Chitral National Park

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Chitral Gol National Park
چترال گول نیشنل پارک
IUCN category II (national park)
Meadows of Chitral Gol National Park; Tahsin Shah 03.jpg
The park features several alpine meadows
Map showing the location of Chitral Gol National Park چترال گول نیشنل پارک
Map showing the location of Chitral Gol National Park چترال گول نیشنل پارک
LocationChitral, Khyber-Pakhtunkhwa
Coordinates35°56′N 71°40′E / 35.933°N 71.667°E / 35.933; 71.667Coordinates: 35°56′N 71°40′E / 35.933°N 71.667°E / 35.933; 71.667
Area7750 hectares
Governing bodyWildlife and Parks Department of Government of Pakistan
Chitral Gol National Park

Chitral Gol National Park (Urdu: چترال گول نیشنل پارک‎) is one of the National Parks of Pakistan. It is located in Chitral District in Khyber-Pakhtunkhwa province of Pakistan beside the Chitral River, at a distance of two hours drive from Chitral town. The park is also known as Chitral National Park.[1][2]

Legal status[edit]

Up until 1983, Chitral Gol was considered to be the private property of the former Mehtar of Chitral. The status of the park has been in dispute since and has become the issue of ongoing litigation between heirs of the former Mehtar and the Government of Pakistan.[3][4]


The way leading to the park is quite narrow and dangerous, yet more risky during the rainy days. It is located between 1450 metre and about 5000 metre above sea level. It has an area of 7750 hectares.[5]


This park includes three valleys. Several glaciers also lie in the park through which several springs make their way and ultimately form a stream which runs 18 kilometres. The cold water of this stream flows towards the east, into the River Chitral. The park is rich in trees particularly cedar trees. The park also serves to provide shelter to a vast bio-diversity, especially markhor, an endangered wild goat species.[6] The subspecies, which are found in the park include the astor markhor. Despite a decline from over 500 to only around 200 individuals in the park during the 1980s, Chitral National Park still holds the largest population of the astor markhor in the world.[7] Also present in the park in small numbers are the siberian ibex, ladakh urial, as well as the asian black bear. The snow leopard does not appear to be a permanent resident of the park, but is sometimes seen there. The tibetan wolf, red fox, yellow-throated marten and himalayan otter are all found in the park. Common birds in the park include, the bearded vulture, himalayan vulture, golden eagle, demoiselle crane, peregrine falcon, himalayan snowcock, himalayan monal, snow partridge and rock partridge.[8]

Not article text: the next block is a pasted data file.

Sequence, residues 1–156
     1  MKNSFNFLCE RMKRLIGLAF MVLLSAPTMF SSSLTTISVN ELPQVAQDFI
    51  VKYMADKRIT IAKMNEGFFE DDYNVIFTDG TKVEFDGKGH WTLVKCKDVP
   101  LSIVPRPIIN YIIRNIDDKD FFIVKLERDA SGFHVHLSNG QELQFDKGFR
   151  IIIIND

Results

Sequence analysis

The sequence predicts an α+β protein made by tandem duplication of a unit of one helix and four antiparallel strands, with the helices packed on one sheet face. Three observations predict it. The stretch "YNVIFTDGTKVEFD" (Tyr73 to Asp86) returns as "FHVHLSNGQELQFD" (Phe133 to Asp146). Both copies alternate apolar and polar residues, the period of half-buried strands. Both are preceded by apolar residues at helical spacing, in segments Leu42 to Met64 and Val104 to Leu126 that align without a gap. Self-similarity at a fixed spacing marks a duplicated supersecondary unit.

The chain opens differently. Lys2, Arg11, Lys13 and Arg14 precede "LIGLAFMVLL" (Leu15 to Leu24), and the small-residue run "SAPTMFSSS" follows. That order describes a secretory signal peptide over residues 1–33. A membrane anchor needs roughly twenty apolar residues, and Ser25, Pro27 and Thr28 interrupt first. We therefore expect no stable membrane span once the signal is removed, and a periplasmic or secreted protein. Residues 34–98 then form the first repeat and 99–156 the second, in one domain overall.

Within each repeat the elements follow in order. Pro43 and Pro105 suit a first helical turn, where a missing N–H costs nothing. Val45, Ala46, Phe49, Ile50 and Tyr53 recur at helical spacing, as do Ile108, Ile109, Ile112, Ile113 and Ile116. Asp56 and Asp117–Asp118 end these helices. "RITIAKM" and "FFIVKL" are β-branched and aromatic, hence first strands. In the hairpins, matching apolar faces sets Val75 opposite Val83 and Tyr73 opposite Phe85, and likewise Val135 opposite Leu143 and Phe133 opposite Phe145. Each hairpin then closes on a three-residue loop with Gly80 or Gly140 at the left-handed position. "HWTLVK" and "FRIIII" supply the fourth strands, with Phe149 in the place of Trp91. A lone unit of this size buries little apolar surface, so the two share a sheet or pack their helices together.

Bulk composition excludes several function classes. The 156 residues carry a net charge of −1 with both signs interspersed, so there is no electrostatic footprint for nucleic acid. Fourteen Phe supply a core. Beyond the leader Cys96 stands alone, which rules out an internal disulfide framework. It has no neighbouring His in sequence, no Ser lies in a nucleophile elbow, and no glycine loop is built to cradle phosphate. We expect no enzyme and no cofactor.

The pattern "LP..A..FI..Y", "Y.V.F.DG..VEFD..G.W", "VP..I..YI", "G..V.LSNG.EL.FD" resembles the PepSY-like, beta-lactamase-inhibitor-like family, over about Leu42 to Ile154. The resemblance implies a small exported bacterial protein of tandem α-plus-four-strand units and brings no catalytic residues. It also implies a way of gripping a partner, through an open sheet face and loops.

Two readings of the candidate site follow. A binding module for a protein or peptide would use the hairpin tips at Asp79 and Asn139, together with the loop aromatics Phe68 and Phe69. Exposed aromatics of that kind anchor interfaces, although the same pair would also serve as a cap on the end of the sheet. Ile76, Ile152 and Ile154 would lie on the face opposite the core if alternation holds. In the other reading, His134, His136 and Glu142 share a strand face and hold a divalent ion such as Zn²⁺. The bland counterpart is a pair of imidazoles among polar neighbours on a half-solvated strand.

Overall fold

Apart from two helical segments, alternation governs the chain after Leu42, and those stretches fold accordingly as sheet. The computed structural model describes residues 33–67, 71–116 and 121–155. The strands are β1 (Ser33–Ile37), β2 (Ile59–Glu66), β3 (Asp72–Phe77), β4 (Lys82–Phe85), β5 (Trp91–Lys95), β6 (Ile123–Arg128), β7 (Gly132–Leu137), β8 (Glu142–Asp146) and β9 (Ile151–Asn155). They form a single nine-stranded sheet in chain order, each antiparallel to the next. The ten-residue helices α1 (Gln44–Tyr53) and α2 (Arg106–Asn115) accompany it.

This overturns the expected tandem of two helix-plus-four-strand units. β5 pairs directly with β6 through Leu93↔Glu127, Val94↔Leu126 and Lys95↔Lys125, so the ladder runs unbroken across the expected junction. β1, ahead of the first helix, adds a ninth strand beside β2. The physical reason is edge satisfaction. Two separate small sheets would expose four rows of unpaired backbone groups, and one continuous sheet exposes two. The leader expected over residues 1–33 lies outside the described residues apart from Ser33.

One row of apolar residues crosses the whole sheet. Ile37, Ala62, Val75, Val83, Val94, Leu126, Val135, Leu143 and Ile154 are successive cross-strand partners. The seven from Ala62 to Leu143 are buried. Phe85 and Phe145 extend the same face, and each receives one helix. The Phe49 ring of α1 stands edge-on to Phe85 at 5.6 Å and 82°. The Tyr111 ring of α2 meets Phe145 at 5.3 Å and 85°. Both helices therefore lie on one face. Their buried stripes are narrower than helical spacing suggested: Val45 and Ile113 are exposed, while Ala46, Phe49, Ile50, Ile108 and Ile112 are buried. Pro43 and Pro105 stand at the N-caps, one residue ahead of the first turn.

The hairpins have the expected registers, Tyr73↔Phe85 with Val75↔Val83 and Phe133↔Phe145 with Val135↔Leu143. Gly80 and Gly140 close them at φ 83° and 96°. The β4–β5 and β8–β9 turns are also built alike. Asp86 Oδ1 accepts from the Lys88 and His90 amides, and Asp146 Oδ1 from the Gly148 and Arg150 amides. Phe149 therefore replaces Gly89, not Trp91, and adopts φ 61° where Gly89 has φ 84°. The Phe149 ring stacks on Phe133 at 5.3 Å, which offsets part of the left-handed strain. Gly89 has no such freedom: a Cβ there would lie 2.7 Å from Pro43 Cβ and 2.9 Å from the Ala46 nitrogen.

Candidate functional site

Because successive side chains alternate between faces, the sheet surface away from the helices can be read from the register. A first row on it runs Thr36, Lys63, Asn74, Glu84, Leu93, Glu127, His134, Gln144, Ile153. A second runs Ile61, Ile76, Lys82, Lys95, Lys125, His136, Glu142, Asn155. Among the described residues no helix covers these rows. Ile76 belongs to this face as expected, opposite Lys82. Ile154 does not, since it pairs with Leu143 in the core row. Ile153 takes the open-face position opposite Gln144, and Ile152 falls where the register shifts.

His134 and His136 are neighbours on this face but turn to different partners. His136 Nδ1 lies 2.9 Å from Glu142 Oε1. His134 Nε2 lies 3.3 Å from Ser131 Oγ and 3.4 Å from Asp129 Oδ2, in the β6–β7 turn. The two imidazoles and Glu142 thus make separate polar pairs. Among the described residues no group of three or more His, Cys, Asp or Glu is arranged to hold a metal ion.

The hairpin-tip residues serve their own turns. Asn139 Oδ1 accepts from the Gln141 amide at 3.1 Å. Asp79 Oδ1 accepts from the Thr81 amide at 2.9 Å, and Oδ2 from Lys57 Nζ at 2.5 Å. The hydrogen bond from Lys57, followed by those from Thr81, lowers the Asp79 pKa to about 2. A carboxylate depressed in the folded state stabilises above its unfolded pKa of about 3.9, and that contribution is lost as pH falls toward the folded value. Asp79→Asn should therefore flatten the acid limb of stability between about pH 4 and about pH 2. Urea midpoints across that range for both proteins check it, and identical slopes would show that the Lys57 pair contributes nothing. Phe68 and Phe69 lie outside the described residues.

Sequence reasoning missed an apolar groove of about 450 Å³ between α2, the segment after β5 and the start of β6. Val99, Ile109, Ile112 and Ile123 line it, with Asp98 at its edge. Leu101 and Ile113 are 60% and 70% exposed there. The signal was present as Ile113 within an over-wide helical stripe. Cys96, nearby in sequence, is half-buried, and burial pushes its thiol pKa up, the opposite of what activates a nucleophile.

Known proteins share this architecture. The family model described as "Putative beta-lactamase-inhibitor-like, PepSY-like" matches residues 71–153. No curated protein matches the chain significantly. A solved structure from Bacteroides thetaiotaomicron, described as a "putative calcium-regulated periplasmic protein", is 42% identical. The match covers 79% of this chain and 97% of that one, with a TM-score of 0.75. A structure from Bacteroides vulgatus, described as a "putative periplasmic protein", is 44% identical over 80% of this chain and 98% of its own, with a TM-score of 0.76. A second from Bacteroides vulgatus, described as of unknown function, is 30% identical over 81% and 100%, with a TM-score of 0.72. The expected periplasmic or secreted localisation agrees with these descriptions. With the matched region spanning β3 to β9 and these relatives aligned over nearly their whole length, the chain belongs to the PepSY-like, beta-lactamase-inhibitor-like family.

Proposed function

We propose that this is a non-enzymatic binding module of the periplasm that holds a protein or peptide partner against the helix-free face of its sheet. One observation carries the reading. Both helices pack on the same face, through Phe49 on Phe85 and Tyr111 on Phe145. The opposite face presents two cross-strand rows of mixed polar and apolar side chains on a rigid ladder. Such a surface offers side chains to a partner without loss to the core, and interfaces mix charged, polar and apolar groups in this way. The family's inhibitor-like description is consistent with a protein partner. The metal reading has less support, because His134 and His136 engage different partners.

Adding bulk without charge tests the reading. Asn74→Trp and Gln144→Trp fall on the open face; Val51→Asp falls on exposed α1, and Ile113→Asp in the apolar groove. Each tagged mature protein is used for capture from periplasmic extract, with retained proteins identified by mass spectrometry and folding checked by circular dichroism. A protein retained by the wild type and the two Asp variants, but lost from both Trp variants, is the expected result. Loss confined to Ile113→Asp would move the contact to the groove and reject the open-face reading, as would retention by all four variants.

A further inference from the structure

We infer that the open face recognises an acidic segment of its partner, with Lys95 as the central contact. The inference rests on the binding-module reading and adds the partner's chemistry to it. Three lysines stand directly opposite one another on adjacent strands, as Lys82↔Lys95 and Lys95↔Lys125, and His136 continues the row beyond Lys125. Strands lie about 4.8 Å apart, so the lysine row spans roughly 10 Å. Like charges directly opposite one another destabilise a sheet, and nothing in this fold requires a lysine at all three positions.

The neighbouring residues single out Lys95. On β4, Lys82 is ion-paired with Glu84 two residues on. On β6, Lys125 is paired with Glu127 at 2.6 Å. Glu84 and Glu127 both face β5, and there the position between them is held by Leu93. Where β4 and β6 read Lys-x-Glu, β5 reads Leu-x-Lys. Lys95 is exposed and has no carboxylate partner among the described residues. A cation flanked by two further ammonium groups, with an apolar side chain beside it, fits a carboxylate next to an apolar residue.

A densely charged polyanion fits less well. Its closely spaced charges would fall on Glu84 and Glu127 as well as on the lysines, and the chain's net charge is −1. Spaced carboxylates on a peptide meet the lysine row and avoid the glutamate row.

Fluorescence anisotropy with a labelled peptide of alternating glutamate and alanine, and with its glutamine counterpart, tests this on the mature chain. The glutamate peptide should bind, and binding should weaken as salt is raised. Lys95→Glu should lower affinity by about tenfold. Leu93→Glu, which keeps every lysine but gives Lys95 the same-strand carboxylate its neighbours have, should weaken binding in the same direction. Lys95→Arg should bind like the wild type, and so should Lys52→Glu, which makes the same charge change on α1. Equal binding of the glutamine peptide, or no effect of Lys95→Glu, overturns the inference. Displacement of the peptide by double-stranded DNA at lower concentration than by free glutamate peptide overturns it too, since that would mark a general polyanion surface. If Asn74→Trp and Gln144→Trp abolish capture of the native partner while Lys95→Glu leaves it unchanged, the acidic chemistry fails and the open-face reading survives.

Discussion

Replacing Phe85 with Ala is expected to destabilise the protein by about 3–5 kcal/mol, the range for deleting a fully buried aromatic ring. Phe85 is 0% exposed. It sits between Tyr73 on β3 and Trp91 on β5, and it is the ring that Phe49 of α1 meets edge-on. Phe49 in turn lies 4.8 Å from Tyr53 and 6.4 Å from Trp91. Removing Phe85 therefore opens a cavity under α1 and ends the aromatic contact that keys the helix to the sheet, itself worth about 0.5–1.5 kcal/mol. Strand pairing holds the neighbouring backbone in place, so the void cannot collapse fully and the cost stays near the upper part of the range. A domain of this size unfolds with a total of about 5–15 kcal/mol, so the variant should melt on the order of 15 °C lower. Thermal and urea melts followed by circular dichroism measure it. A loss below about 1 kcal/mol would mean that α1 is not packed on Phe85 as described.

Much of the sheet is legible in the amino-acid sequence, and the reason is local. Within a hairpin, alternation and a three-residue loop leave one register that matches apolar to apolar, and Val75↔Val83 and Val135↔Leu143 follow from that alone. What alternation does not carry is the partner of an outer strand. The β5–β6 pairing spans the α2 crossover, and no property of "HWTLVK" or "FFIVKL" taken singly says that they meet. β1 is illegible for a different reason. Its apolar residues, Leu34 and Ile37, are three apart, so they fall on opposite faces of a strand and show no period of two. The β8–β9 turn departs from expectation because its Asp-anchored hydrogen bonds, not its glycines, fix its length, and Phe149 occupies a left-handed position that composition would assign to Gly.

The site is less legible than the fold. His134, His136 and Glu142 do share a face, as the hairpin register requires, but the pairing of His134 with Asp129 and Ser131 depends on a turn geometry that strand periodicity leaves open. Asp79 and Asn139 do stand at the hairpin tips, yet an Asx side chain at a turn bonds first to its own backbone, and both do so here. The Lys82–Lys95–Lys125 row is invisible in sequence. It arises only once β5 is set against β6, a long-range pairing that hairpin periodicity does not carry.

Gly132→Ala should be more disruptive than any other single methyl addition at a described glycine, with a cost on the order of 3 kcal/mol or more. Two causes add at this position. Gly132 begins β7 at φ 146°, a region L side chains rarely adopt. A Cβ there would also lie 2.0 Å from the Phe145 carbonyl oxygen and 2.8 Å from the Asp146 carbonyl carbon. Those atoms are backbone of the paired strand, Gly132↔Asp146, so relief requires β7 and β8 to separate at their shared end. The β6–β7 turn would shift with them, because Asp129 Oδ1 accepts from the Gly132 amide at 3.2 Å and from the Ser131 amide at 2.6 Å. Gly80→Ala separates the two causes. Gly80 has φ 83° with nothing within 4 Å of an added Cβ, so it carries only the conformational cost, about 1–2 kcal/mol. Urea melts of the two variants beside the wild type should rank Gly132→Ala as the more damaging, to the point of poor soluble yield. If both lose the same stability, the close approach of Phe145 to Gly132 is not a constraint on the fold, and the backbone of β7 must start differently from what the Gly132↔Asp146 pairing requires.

The annual rainfall in its region is estimated to be 462 ml. In September, it rains more on the spectacular peaks surrounding the park. However, in November, the rainfall is more in the valleys and on the lower peaks. There is also snowfall during the winter season. The snow-covered white peaks enhance the beauty till June. The general weather is cold and dry. The temperature ranges from −12.2 to 43.3 °C.[9][10]


The Birmoghlasht part of the park is where the former Mehtar’s Summer Fort is located. At the time of existence of the Chitral State, the Mehtar and his family use to move here in the summer and hold court. The fort was constructed in such a way that it overlooked the entire city.[11] It stands at an elevation of over 2800 meters above sea level.[12][13]


  1. ^ Camerapix (1998-01-01). Spectrum Guide to Pakistan. Interlink Books. p. 319. ISBN 9781566562409.
  2. ^ Singh, Sarina (2008-01-01). Pakistan & the Karakoram Highway. Lonely Planet. ISBN 9781741045420.
  3. ^ "Chitral National Park". National Parks in Pakistan.
  4. ^ "Wildlife of Pakistan: National Parks of Pakistan".
  5. ^ "Chitral Gol National Park – Documentary".
  6. ^ Markhor Archived 2007-12-20 at the Wayback Machine
  7. ^ Valdez, R. (2008). "Capra falconeri". IUCN Red List of Threatened Species. Version 2008. International Union for Conservation of Nature. Retrieved 5 April 2009.
  8. ^ "Chitral Gol National Park". Wildlife of Pakistan. Retrieved 12 March 2016.
  9. ^ Hyder, Donald N. (1978-01-01). Proceedings of the First International Rangeland Congress, Denver, Colorado, USA, August 14–18, 1978. Society for Range Management.
  10. ^ Green, Michael John Beverley (1990-01-01). IUCN Directory of South Asian Protected Areas. IUCN. ISBN 9782831700304.
  11. ^ "Chitral Gol National Park". The Express Tribune. 2013-12-24.
  12. ^ Pakistan Pictorial. Pakistan Publications. 2008-07-01.
  13. ^ Pakistan Quarterly. 1954-01-01.

External links[edit]